The MRSA active surveillance debate continues...

A few days ago, I blogged about sources of bias in the MRSA active surveillance debate. Drs. Barry Farr and Bill Jarvis, two supporters of active surveillance for MRSA, responded to my posting. Please click here to see their comments, to which I respond.

First, let me state that I am not an ageist. Epidemiologists of all ages should actively participate in debates on important topics in our field. My point was that academic societies should not develop guidelines, which are increasingly viewed as mandates by regulators and accrediting agencies, with individuals chosen on the basis of a single viewpoint. It is much more likely that former trainees will agree with their mentors on controversial issues, which should not come as a surprise to anyone. While I might prefer the outcome of a guideline written by Dick Wenzel (my mentor and an opponent of active MRSA surveillance) and his former trainees, such a committee composition would be just as inappropriate.

Next, I want to point out an irrefutable fact: not all epidemiologists agree with the viewpoint of Drs. Farr and Jarvis on active surveillance, despite all of us having access to the same literature on the topic. I don’t see the issue as a single, yes or no question of effectiveness, but rather my thinking about active MRSA surveillance can best be encapsulated by a series of questions:

(1) Is active surveillance for MRSA effective in reducing infections due to MRSA in the inpatient setting?
(2) Is MRSA active surveillance associated with adverse unintended consequences?
(3) If implemented, does MRSA active surveillance control other important pathogens in the hospital (e.g., MSSA, multidrug resistant gram-negative rods)?
(4) Even if active surveillance is effective at reducing MRSA infections, are there other interventions that may be equally effective, or more effective, perhaps at a lower cost? Might these other interventions, also reduce infections due to other organisms? Could other interventions reduce MRSA infections with fewer adverse unintended consequences?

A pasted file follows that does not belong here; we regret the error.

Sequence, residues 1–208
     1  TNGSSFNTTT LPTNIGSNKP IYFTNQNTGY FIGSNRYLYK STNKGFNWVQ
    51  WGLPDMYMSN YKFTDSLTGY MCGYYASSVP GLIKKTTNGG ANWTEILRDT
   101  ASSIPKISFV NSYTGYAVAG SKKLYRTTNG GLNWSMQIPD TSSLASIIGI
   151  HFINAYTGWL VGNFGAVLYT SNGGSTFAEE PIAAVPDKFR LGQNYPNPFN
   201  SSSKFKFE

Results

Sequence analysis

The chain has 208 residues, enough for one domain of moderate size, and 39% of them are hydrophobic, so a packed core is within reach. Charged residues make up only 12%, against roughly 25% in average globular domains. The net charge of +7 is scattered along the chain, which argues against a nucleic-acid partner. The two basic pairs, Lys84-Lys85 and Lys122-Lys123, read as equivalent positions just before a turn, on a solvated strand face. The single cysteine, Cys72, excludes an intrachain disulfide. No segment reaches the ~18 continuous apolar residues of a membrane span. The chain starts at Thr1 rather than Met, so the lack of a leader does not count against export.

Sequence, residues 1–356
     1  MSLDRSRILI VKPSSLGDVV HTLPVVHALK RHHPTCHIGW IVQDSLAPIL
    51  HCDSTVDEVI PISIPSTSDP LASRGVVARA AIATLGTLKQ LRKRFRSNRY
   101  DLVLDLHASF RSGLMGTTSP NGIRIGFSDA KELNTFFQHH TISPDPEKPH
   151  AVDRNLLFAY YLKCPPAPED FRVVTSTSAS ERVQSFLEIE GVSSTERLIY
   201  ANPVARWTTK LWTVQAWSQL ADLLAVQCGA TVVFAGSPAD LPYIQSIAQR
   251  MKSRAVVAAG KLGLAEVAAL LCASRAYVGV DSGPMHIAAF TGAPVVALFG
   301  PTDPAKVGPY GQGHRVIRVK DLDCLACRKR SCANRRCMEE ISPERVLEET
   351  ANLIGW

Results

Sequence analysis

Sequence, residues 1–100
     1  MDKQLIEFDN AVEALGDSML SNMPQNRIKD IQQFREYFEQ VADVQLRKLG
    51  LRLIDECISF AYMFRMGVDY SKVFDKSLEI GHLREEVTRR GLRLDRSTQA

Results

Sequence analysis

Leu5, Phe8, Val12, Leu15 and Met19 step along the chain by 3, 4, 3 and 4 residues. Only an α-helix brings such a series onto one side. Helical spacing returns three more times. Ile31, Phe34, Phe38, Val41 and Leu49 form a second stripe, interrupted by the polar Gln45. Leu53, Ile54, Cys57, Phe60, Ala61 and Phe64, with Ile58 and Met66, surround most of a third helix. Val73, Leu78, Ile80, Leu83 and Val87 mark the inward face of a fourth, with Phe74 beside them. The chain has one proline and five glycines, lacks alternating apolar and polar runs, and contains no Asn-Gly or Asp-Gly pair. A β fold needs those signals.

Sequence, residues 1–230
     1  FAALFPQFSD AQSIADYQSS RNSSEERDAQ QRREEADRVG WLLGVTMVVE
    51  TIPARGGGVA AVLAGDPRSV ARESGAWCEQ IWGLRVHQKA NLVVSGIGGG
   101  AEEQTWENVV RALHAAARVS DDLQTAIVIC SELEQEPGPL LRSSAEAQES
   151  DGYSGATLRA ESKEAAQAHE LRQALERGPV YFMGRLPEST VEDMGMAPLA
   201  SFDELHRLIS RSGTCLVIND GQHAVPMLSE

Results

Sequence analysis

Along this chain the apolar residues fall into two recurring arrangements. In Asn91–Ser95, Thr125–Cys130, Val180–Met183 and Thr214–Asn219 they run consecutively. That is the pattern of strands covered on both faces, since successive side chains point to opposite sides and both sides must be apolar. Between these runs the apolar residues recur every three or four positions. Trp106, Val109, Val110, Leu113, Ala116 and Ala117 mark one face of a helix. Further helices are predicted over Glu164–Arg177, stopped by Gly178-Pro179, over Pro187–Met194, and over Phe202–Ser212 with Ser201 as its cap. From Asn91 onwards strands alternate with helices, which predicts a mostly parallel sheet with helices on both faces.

(5) Could it be that the effect of active surveillance is modulated by the level of hand hygiene compliance (i.e., what is the incremental effect of active surveillance if hand hygiene compliance is >90%)?
(6) Are contact precautions (with or without active MRSA surveillance) even necessary if hand hygiene compliance is driven to very high levels?

Drs. Farr and Jarvis and I differ on the fundamental issue of certainty: I readily admit that the holy grail for controlling multidrug resistant pathogens in the hospital has not yet been determined, and I remain open to the possibilities. They argue that their way (active surveillance) is the only way—an argument that I reject based on my own experiences. In looking at the data for the first half of 2009, we again demonstrate a progressive decline in MRSA infection rates in my hospital without the use of active surveillance. In a nutshell, I see active surveillance as an intervention that may be sufficient to control MRSA, but clearly not necessary. So at my hospital we continue to pour our time, talent and resources into interventions that have the capacity to reduce all infections, not just those caused by MRSA, namely high rates of hand hygiene compliance, increasing use of chlorhexidine for patient bathing, and removing healthcare worker contaminated clothing (e.g., ties, sleeve cuffs, lab coats) from the inpatient setting. I have always stated that if active surveillance for MRSA works at your hospital and you can demonstrate that there’s no harm, then continue with that intervention. Hospitals are highly complex organizations in which differing effects of interventions can be seen from one institution to another. As such, perhaps there is no holy grail. To those that are implementing active surveillance, I would simply ask that you keep your mind open to the possibility of other effective, cheaper, and/or broader spectrum interventions. Most importantly, mandates ought to be reserved for interventions in which there is no doubt as to safety and effectiveness, and for which equally or more effective and safe alternatives do not exist.

Lastly, the active surveillance debate has become more complicated now that companies that make rapid pathogen detection technologies (e.g., Cepheid, Becton Dickenson) have much to gain when hospitals adopt active surveillance and particularly when it is mandated by states. Some patient advocates, infection control experts, and even professional societies (e.g., APIC) are the recipients of funds from these companies, which raises at least the appearance of conflict of interest.

Thanks again to Drs. Farr and Jarvis for taking the time to post their comments and keeping the theme of this blog true to its title.


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